Words by: Theodora Sutcliffe
So who was Oliver Reed?
A talented actor, last seen as Proximus in Gladiator, Oliver Reed started his career in horror films. Although his great-grandfather founded RADA, he worked as a bouncer, a boxer, a cab driver and in a mortuary before finding his way into film. By night, he transformed into a hell-raising caner with a fondness for flashing, a persona that would overshadow his acting career.
Where did he drink?
"My idea of a good time," Reed told an interviewer in the 60s, "Is to get a few friends together and get as drunk as we possibly can... When I'm not filming I like to go down to the pub, have a few drinks, play darts..."
Reed was a pub man until he died. In, umm, a pub, where he had been "drinking on the floor". (It's now known as Ollie's Last Pub.)
He was a regular at the White Horse Hotel in Dorking, Surrey, and the Duke of Hamilton in Hampstead, and created a crawl of the eight pubs around Wimbledon Common.
"You meet a better class of people in pubs," Reed observed, though he himself was barred from plenty.
What did he drink?
Drink for Reed was more about the quantity than the quality. He appeared at film premieres carrying a bottle of vodka, and consumed an entire bottle before filming his groundbreaking nude scene in Women in Love.
Reed's benders are the stuff of legend - he was widely reported to have drunk over a hundred pints of beer on his stag weekend, though he claimed that actually happened at an arm wrestling competition.
In 1974, Reed and 36 rugby players went through 60 gallons of beer, 32 bottles of Scotch, 17 bottles of gin, four crates of wine and, umm, a bottle of Babycham. A typical lunch with his wife and a friend produced a bar tab of eight gin and tonics, four bottles of wine and six brandies.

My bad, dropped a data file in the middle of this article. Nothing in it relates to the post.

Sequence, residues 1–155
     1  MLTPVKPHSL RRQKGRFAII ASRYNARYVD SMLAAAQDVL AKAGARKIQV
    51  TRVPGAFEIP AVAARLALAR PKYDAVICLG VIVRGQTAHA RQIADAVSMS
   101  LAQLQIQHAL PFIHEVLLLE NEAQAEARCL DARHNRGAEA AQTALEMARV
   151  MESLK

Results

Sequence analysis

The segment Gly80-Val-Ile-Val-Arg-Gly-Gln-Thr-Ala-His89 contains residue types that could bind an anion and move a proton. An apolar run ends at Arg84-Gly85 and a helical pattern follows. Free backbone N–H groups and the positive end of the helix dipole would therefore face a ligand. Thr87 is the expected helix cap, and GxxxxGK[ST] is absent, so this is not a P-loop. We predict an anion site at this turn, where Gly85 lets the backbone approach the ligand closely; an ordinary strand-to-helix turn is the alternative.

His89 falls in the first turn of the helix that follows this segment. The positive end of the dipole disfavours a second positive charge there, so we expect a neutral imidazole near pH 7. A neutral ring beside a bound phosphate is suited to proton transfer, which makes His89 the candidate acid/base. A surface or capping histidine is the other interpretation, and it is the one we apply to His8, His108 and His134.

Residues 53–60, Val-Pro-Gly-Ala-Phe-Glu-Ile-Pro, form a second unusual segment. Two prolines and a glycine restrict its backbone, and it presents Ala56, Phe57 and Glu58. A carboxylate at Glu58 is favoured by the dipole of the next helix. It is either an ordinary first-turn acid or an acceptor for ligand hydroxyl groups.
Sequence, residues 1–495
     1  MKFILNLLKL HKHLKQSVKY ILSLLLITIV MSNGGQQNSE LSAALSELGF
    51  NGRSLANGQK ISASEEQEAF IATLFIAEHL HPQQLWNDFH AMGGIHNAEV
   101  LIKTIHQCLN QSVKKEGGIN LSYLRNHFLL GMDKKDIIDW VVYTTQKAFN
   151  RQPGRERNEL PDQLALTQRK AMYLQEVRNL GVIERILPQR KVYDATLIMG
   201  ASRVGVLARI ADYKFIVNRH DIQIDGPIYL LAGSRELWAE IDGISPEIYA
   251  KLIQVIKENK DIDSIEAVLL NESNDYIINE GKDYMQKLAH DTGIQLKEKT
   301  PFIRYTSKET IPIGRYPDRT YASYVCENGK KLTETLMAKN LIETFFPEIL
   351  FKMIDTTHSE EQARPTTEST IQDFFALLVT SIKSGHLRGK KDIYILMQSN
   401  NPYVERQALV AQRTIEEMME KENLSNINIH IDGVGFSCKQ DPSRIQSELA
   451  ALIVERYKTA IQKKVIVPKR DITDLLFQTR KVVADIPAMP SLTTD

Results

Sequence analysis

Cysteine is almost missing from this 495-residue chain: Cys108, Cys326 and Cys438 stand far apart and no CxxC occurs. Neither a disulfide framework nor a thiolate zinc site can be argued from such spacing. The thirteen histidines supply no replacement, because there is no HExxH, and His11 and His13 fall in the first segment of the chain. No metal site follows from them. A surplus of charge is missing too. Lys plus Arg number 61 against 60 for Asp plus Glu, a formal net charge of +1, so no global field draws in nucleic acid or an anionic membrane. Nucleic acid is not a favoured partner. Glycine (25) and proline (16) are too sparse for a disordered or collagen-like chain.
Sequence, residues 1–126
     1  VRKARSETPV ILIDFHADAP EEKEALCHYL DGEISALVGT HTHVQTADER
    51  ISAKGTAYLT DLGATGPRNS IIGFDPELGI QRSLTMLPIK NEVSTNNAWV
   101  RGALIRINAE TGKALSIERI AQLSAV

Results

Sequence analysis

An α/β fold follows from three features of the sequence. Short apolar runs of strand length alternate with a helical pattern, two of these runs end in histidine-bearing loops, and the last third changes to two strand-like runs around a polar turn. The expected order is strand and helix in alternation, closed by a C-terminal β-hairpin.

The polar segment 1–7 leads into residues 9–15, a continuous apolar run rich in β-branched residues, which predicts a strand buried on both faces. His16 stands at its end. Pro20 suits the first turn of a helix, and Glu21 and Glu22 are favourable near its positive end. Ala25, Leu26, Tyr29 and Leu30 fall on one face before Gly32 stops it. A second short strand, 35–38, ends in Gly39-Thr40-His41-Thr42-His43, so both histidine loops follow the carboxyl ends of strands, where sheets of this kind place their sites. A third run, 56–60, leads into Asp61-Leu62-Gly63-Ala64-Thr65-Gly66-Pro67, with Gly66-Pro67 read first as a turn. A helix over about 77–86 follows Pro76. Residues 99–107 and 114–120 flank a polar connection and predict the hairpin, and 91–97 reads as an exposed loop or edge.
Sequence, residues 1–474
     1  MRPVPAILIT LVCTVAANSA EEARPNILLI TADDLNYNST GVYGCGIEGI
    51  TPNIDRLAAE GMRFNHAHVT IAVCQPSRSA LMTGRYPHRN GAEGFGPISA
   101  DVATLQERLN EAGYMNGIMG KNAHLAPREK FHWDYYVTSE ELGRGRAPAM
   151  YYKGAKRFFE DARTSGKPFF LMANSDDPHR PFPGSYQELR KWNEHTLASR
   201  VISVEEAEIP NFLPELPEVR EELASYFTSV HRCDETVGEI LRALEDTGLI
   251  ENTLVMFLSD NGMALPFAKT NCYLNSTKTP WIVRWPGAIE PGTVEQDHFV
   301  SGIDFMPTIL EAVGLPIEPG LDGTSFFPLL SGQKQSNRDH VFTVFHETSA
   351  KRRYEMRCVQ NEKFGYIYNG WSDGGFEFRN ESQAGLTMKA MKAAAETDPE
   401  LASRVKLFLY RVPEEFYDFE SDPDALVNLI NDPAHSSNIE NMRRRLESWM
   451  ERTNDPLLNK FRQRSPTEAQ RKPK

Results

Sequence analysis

Any famous drinking buddies?
Just a few... Keith Moon of the Who; Alex Higgins; George Best; Peter O'Toole; Richard Harris; Steve McQueen. Reed drank regularly with Richard Burton until Elizabeth Taylor (of all people) identified him as a bad influence and barred him from his life.
How did drink change his life?
An incredibly shy man when sober, Reed used booze to socialise, yet his hellraising soon overtook his acting career. Most believe he would have made better films had he stayed sober - he made no fewer than six movies with Michael Winner -- and many friends found him unbearable after dark.
Drink was an essential entry to Reed' social circle: at one of his mansions, guests had to consume an entire bottle of port then stay in the room for 20 minutes without throwing up. When his son was 12, Reed took him to the pub for a beer, and was "immensely proud" when the child downed seven pints.
Any drinking stories?
Reed once summed up his life as "shafting the girlies and downing the sherbies." A favourite party trick was exposing his cock, which was tattooed with, well, a cock - he was almost killed in the Caribbean by folk who took the tattoo as a voodoo sign.
Routinely barred from pubs and hotels for "initiating tests of strengths", Reed once stripped naked and jumped into a (large) tank of goldfish, telling the police, "You can't touch me! I'm the Fourth Musketeer."
He famously arrived at Galway airport drunk on the baggage carousel, and was expelled from a TV studio after drunkenly attempting to snog a feminist author. In later years, he was invited onto telly less for his acting than his memorably execrable behaviour.